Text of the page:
Take back your music library with Cesium [50 Essential iOS Apps #46]

By

Cesium album view Airplane Mode
Escape the annoyance of Apple Music and enjoy your personal music library with Cesium
Photo: Ian Fuchs/Cult of Mac

50 Essential iOS Apps: Cesium When Apple Music launched in 2015, the service received mixed reviews. One of the biggest gripes was the impact it had on the Music app. Instead of it being a place for your music library, the app began catering to the streaming service.

Cesium offers a better music library experience. The simple, brilliant app brings back the classic Music app (aka the “iPod” app), making it easy to view and enjoy your personal song library.

Cult of Mac Magazine: Speed up iPhone and Apple Watch + Why Apple shouldn’t kill headphone jack + more

By

Quick tips to save you time and energy.
Quick tips to save you time and energy.
Photo: Stephen Smith/Cult of Mac

Another week, another Cult of Mac Magazine – the best place to get your Apple fix in one place.

This week, we’ve got quick tips to speed up your iPhone and Apple Watch, our take on the stupidity of killing the iPhone’s headphone jack, new how-tos for Apple Music and Apple TV, a hilarious bit of Star Wars fever that Siri’s picked up, and the latest rumors about iPhone 6c and iPhone 7. That not enough? There’s tons more inside.

Here’s the rundown for this week’s cover stories:

Pro Tip: Access your Apple Music playlists anywhere

By

Apple Music
Great playlists deserve to be on all my devices.
Photo: Rob LeFebvre/Cult of Mac

Pro_Tip_Cult_of_MacI made an Apple Music playlist of Paste’s top 50 albums of 2015 via iTunes on my Mac. I was able to share it out on Facebook and to my friends via Messages, but I wasn’t able to see the playlist on my iPhone.

I made sure that I was logged in to my iTunes account on both my Mac and my iPhone, I signed in and out of iCloud, and I even force-quit Apple Music on my iPhone to try and fix the issue. None of these options worked.

After a bit of searching on the internet, I figured out what the problem was.

Here’s what you can do if you’re having the same issue.

Apple Music metadata is messing up your music

By

Apple Music was one of 2015's biggest apps.
Apple Music uses a less accurate method for song matching than iTunes Match.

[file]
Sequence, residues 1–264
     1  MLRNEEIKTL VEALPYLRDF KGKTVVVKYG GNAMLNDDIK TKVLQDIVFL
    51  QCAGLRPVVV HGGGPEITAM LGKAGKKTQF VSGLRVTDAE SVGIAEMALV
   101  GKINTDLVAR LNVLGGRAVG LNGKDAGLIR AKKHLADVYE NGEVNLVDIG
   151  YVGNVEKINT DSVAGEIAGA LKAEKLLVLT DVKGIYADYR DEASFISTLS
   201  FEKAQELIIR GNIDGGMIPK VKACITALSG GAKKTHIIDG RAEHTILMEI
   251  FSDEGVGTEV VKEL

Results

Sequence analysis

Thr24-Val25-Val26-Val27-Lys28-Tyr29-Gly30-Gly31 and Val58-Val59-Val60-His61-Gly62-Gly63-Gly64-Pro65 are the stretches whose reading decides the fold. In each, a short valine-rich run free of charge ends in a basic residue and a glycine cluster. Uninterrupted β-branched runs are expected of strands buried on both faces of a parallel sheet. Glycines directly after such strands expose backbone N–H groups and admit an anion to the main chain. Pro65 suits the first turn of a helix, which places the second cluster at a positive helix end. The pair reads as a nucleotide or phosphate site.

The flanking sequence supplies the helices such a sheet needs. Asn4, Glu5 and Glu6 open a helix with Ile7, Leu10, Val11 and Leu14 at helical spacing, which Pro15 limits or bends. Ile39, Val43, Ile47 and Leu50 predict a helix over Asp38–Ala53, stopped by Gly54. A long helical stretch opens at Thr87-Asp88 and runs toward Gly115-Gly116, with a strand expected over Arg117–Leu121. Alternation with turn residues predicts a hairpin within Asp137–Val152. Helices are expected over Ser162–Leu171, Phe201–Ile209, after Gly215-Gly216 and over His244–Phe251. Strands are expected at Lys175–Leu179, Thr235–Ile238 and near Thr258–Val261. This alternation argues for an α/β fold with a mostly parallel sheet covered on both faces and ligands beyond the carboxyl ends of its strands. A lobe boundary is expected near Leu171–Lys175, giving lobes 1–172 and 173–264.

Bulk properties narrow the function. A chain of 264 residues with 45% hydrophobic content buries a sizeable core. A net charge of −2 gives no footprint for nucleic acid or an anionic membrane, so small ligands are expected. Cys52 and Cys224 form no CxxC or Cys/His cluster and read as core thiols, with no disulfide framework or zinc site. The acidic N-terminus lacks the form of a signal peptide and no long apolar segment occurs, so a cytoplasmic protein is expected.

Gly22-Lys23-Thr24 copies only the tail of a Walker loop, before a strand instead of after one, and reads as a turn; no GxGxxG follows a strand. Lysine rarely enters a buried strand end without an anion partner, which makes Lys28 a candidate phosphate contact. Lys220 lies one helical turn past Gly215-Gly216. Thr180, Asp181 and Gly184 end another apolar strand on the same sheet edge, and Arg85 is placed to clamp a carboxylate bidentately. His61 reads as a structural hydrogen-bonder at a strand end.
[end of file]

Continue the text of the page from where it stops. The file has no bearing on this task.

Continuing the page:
Photo: Jim Merithew/Cult of Mac

If you’ve been having problems with Apple Music and iCloud Music Library incorrectly matching songs in your library, you’re far from the only one. It turns out the reason is that Apple Music doesn’t use the same method for matching songs you own as iTunes Match does. This results in significantly more errors and frustrated users.

Though iTunes Match used acoustic fingerprinting to identify songs you own and match them for all of your devices, Apple Music uses the metadata of those songs. That means if you change something as simple as the title and artist, it could match to an entirely different song despite the unchanged audio.

How to listen to Apple Music without burning your data

By

Save your data with Apple Music's offline features.
Listen to Amy without incurring data overage charges.
Photo: Rob LeFebvre/Cult of Mac

Apple Music is at heart a streaming solution, designed so that you can listen to any of the tens of millions of songs in its library at any time, assuming you have a data connection.

These days, though, unlimited data plans are the exception rather than the rule, so you might want to be a little less profligate with your use of such a data-heavy solution.

Apple Music allows you to save your songs, albums and playlists to your iPhone or Mac for offline listening, which could be a boon if you’re watching your data cap.

Here’s how to make that happen.

Calm down and rock on; Apple isn’t adding DRM to your music

By

icloud-music-library-itunes-match
The only problem is when you start deleting files without a backup. Don't do that.
Photo: Apple

No, you won’t lose all your DRM-free iTunes music. At least, not without deleting your actual files and not having a backup. Apple isn’t adding DRM to your iTunes files, either.

The reality here is that Apple will not automatically remove any iTunes music files you own on your computer and replace it with a digital rights managed (DRM) file.

However, the convergence of iTunes Match, Apple Music, and the new iCloud Music Library can be confusing, and there is a small potential to re-download files you’ve deleted from your Mac as DRM-protected Apple Music files.

Luckily, the folks at iMore have a pretty fantastic, clear explanation of what’s going down here, and a pretty neat way to check and see which of your music files have been matched, uploaded, or purchased. Even John Gruber linked to it, so you know it’s good.

Did iCloud Music Library break your collection? Here’s a fix

By

Maybe wait until you try this on your own Mac.
Maybe wait until you try this on your own Mac.
Photo: Apple

Several iTunes users have taken to the Apple Discussion forums to complain about iCloud Music Library — part of the iTunes 12.2 update — has destroyed their music libraries.

Discussions user Tuff Ghost explains that everything was fine with his 13,000 song iTunes library, until he installed iTunes 12.2 on his Mac and allowed it to enable iCloud Music Library.

“All of the (sic) sudden it starts overwriting my album art with completely wrong art (example: Weezer showed art for a Radiohead album) on both my iMac AND my iPhone, screwing up metadata by putting random songs in albums where they didn’t belong (there was a Cursive album where the first track was listed as a Foo Fighters song).”

When he clicked to listen to a song, it would play a completely different one, like the metadata for the files was completely incorrect.

If this is happening to you, another Discussions user may have found a solution.